While the major fests in Italy, Canada, and the U.S. are still a month away, the Locarno and Edinburgh film festivals are right around the corner, offering a preview of what's to come. Locarno, the Swiss-set art-film fest, kicks off next Wednesday (August 4) with Jean-Jacques Zilbermann's "Les fautes d'orthographe" ("Spelling Mistakes"), the story of a teenage rebel, starring French thesps Carol Bouquet and Olivier Gourmet. The selection is rife with political pictures, including a 91-film sidebar called "Newsfront," which examines the cinema's depiction of journalism over the last century.
Not as high profile as Venice, Locarno is still valued as much as a place to build buzz for titles showing later in the fall (both Kim Ki-duk's "Spring, Summer, Winter, Fall, and Spring" and the Bollywood crossover "Lagaan" premiered there) as well as providing for the largest test screening in the world -- at the much cherished 7000-seat open-air auditorium in the Piazza Grande. "You get a tremendous amount of information from a unique audience," says Sony Pictures Classics' Dylan Leiner. "It's more populist and because it's not getting covered by major international journalists, there's more of a word-of-mouth that comes out of it."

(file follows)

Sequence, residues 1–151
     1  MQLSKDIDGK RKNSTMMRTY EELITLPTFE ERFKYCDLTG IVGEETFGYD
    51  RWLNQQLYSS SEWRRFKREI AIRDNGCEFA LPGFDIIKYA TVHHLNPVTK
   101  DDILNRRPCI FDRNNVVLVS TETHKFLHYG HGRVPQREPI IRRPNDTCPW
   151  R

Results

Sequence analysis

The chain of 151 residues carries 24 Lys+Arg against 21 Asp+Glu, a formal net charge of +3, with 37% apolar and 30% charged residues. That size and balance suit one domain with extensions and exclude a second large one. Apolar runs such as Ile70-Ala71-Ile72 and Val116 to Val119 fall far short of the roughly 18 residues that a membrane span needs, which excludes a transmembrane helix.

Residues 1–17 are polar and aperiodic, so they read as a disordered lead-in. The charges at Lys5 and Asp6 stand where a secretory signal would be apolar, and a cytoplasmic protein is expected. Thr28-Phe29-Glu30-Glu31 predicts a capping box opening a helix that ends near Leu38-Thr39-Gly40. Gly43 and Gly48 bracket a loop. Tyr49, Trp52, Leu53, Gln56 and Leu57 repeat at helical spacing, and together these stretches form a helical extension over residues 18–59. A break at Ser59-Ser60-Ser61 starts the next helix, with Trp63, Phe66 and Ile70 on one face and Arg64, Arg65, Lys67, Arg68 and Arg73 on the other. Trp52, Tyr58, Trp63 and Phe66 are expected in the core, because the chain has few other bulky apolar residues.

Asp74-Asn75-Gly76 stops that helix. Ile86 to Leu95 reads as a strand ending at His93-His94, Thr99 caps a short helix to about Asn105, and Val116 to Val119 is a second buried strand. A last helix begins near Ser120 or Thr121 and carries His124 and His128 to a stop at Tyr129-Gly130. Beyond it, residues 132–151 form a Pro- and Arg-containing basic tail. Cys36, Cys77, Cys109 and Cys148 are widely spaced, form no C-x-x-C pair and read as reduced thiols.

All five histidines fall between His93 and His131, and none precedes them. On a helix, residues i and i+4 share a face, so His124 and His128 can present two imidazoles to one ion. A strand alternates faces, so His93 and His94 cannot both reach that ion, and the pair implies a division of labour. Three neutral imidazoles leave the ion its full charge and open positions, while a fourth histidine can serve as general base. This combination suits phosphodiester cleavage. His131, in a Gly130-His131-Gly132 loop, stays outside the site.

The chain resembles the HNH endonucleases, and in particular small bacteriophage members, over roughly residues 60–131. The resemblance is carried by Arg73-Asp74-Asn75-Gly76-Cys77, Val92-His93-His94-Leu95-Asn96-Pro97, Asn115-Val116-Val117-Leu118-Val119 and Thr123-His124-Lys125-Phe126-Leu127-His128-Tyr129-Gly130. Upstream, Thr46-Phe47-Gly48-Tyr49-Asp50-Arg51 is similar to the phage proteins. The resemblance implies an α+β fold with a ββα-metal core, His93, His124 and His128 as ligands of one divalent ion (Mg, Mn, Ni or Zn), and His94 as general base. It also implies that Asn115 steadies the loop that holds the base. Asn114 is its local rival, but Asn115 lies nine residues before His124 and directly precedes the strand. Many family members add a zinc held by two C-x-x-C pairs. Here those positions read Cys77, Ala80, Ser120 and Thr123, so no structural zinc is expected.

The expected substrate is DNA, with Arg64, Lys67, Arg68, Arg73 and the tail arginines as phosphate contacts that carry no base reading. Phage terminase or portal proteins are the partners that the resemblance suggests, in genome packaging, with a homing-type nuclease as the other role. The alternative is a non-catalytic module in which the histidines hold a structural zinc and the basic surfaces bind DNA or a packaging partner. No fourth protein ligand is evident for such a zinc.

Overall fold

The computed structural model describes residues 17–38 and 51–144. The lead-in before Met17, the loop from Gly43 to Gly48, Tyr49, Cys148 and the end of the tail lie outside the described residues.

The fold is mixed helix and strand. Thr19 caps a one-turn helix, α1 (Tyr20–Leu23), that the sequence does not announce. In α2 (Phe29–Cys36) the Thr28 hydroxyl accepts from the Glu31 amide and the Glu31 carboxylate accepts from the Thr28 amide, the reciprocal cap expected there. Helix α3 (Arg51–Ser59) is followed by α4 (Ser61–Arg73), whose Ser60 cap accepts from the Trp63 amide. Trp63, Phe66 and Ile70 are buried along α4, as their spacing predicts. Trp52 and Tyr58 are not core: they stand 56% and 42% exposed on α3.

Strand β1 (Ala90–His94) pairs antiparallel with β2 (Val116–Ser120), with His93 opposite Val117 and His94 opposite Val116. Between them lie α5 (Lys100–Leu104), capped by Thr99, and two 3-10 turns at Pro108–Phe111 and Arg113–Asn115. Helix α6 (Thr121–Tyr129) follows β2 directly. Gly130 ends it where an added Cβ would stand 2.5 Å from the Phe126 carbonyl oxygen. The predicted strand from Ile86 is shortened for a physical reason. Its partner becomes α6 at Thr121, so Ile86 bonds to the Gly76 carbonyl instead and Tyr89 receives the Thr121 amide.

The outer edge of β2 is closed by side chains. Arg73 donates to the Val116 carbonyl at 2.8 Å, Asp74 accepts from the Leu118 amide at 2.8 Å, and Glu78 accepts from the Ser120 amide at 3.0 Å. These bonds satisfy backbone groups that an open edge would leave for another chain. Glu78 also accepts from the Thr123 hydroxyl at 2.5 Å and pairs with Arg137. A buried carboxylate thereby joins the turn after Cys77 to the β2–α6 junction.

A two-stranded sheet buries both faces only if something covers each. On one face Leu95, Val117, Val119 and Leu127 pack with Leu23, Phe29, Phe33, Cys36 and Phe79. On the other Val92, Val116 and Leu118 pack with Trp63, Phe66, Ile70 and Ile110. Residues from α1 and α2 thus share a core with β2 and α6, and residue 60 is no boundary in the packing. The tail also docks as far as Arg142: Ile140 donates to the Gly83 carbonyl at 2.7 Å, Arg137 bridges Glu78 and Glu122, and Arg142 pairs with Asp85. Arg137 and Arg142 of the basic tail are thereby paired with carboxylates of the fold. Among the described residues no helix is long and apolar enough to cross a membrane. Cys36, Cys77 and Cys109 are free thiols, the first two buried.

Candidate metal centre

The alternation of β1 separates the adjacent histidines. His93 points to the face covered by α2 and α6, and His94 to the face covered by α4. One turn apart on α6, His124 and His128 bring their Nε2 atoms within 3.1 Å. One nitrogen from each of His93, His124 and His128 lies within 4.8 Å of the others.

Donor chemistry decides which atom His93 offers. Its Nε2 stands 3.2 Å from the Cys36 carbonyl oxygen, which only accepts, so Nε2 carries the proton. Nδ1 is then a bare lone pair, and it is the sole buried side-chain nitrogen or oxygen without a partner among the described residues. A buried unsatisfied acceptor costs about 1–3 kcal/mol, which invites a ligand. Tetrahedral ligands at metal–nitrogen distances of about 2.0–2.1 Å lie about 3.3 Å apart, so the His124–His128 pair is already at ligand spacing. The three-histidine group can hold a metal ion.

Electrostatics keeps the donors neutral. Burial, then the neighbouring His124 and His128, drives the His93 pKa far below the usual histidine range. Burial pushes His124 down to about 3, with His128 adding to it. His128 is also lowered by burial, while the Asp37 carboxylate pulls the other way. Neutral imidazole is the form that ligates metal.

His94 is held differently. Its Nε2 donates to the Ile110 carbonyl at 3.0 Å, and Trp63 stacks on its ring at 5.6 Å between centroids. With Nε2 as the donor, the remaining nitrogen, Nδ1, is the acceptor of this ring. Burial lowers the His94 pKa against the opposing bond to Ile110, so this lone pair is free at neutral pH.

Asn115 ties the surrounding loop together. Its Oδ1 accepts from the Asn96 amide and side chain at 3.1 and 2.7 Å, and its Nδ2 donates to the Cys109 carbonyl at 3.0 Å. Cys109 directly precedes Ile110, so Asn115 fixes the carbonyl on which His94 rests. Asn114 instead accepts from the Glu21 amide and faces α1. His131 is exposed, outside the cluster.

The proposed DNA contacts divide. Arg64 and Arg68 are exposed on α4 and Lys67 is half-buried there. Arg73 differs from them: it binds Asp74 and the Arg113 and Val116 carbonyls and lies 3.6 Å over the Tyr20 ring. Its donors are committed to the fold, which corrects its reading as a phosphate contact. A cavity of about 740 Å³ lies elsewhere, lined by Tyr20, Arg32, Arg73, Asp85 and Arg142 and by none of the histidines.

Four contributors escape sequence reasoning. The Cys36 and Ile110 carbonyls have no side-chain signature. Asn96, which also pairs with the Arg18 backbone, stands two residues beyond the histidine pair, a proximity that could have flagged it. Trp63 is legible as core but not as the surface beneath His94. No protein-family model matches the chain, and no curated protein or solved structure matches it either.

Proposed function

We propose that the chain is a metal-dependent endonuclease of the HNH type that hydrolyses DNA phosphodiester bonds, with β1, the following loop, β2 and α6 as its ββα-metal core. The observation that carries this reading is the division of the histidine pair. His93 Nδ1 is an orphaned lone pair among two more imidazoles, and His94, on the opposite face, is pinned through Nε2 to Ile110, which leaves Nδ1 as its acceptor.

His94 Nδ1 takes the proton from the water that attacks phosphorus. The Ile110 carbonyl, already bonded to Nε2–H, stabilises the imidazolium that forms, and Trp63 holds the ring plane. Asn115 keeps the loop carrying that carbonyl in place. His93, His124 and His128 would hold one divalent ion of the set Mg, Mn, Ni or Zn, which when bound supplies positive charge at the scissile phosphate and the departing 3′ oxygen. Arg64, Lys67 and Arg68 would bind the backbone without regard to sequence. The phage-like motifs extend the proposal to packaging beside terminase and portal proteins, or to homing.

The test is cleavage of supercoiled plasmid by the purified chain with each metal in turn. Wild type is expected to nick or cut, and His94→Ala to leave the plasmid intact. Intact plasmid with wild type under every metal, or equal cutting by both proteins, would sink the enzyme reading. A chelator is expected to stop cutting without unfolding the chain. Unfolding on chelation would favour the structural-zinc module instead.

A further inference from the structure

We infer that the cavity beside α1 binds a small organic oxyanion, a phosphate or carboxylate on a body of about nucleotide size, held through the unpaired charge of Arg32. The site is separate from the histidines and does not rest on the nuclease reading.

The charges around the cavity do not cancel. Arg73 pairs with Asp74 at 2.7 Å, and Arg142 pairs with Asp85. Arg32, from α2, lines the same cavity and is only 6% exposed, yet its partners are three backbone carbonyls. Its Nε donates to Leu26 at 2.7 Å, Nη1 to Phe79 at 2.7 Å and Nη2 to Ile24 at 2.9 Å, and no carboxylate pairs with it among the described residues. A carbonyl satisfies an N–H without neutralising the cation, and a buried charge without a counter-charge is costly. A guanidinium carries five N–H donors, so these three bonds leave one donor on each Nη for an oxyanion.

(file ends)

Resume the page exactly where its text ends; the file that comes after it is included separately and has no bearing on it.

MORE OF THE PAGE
Producer Stanley Buchthal, a Locarno veteran, is planning to build on positive buzz for international sales on Zak Tucker's "Poster Boy," the only American film in Locarno's competition. "I wouldn't consider it the biggest marketplace, but it is a marketplace -- all of the European distributors come there," says Buchtal, who lives in Zurich. Buchtal also hopes the film's topicality -- about the gay son of a right-wing southern senator -- makes the film ripe for an August launch into the world market. (It premiered at May's Tribeca Film Festival.)
The 57th edition of Locarno will also hold world premieres of Volker Schlondroff's "The Ninth Day," about a Catholic priest released from Dachau's concentration camp in exchange for collaborating with the Nazis, and Patrice Leconte's Cambodian documentary "Dogora." According to Variety, Italian critic turned fest director Irene Bignardi also highlighted "Yasmin," directed by Kenny Glenaan and written by Simon Beaufoy ("The Full Monty"), about a young Pakistani woman whose husband is falsely imprisoned for being a terrorist, and Ian Gabriel's South African drama "Forgiveness" as possible commercial standouts.
By the time Locarno closes on August 14, with the sci-fi anime "Appleseed," the 58th Edinburgh Film Festival will open a few days later (August 18) with Walter Salles' "The Motorcycle Diaries." A favorite one-stop-shop for new English-language premieres, this year's festival will pique film-watchers with several anticipated U.K. works: Shane Meadows' return to the hood with "Dead Man's Shoes," a gritty tale of gangland retribution; Antonia Bird's fictionalized study "Hamburg Cell," about the September 11 hijackers in Germany; "Last Resort" director Pawel Pawlikowski's "My Summer of Love" (called a masterpiece by the fest); "East of East" director Damien O'Donnell's feel-good story of a kid with cerebral palsy "Inside I'm Dancing," Ken Loach's Glasgow-set romance "Ae Fond Kiss," and "My Little Eye" horror up-and-comer Marc Evan's latest "Trauma," starring Colin Firth as a man plagued with nightmarish visions after surviving a car accident.
All hold promise for the North American market. Let the games begin.